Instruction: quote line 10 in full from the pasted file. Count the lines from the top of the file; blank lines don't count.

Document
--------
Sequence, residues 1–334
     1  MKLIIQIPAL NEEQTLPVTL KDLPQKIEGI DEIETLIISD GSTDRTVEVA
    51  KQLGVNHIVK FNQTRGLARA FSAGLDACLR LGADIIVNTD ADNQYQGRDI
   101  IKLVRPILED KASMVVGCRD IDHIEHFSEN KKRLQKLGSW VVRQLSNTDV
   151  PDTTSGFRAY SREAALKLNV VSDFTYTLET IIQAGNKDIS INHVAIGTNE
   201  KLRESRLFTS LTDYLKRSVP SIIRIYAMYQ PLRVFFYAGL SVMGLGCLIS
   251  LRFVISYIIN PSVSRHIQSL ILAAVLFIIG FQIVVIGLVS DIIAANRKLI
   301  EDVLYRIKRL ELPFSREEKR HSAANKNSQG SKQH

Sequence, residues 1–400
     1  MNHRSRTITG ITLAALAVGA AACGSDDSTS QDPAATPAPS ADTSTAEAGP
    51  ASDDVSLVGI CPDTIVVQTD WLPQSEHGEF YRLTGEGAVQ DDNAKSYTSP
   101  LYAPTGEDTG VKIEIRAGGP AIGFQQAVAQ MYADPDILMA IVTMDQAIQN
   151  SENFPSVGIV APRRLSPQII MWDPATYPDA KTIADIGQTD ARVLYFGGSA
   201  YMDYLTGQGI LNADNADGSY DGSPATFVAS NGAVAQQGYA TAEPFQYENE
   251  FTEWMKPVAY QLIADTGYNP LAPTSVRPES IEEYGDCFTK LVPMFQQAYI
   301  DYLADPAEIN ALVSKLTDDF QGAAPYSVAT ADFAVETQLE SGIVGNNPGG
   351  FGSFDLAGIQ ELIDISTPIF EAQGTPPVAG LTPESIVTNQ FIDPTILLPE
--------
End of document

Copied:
     1  MNHRSRTITG ITLAALAVGA AACGSDDSTS QDPAATPAPS ADTSTAEAGP